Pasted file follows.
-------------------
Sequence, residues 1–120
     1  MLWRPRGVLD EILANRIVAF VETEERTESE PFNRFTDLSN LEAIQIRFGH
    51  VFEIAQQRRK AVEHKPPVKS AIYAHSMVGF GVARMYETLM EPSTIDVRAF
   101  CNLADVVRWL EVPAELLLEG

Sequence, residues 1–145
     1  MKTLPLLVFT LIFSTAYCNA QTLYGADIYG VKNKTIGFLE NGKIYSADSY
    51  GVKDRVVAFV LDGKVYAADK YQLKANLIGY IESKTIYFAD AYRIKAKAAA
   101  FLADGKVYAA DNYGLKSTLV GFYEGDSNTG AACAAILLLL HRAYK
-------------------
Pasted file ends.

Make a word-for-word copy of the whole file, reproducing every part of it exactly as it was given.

Sequence, residues 1–120
     1  MLWRPRGVLD EILANRIVAF VETEERTESE PFNRFTDLSN LEAIQIRFGH
    51  VFEIAQQRRK AVEHKPPVKS AIYAHSMVGF GVARMYETLM EPSTIDVRAF
   101  CNLADVVRWL EVPAELLLEG

Sequence, residues 1–145
     1  MKTLPLLVFT LIFSTAYCNA QTLYGADIYG VKNKTIGFLE NGKIYSADSY
    51  GVKDRVVAFV LDGKVYAADK YQLKANLIGY IESKTIYFAD AYRIKAKAAA
   101  FLADGKVYAA DNYGLKSTLV GFYEGDSNTG AACAAILLLL HRAYK